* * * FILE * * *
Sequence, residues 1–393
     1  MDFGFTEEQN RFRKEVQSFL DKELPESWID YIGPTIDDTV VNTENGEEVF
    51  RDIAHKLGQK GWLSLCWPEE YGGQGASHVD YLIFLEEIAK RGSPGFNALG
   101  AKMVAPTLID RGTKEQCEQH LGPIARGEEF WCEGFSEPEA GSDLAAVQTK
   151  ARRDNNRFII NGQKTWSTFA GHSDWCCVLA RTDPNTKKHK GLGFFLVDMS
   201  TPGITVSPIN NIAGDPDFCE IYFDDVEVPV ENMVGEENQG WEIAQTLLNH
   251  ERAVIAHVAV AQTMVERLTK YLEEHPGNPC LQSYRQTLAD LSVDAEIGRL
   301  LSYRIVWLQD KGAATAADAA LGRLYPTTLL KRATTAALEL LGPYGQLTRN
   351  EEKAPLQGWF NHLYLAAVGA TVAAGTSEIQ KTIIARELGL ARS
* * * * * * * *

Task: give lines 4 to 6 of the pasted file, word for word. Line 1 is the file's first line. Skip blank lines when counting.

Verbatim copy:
   101  AKMVAPTLID RGTKEQCEQH LGPIARGEEF WCEGFSEPEA GSDLAAVQTK
   151  ARRDNNRFII NGQKTWSTFA GHSDWCCVLA RTDPNTKKHK GLGFFLVDMS
   201  TPGITVSPIN NIAGDPDFCE IYFDDVEVPV ENMVGEENQG WEIAQTLLNH